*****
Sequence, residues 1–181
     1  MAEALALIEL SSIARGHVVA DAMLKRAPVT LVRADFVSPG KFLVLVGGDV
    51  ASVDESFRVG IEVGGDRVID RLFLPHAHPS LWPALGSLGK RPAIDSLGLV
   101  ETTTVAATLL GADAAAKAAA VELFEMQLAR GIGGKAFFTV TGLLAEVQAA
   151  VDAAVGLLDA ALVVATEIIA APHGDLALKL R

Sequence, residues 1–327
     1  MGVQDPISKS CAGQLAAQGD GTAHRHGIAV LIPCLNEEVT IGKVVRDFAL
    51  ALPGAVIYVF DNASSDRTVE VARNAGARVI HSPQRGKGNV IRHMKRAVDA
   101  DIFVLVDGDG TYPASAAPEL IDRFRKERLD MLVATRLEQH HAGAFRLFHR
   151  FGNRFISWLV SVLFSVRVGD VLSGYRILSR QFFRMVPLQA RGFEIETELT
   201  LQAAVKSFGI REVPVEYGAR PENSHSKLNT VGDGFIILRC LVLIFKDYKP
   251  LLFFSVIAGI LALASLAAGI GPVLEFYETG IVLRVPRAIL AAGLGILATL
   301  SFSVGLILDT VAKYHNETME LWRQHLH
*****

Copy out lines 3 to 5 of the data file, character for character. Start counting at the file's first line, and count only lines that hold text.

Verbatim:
    51  ASVDESFRVG IEVGGDRVID RLFLPHAHPS LWPALGSLGK RPAIDSLGLV
   101  ETTTVAATLL GADAAAKAAA VELFEMQLAR GIGGKAFFTV TGLLAEVQAA
   151  VDAAVGLLDA ALVVATEIIA APHGDLALKL R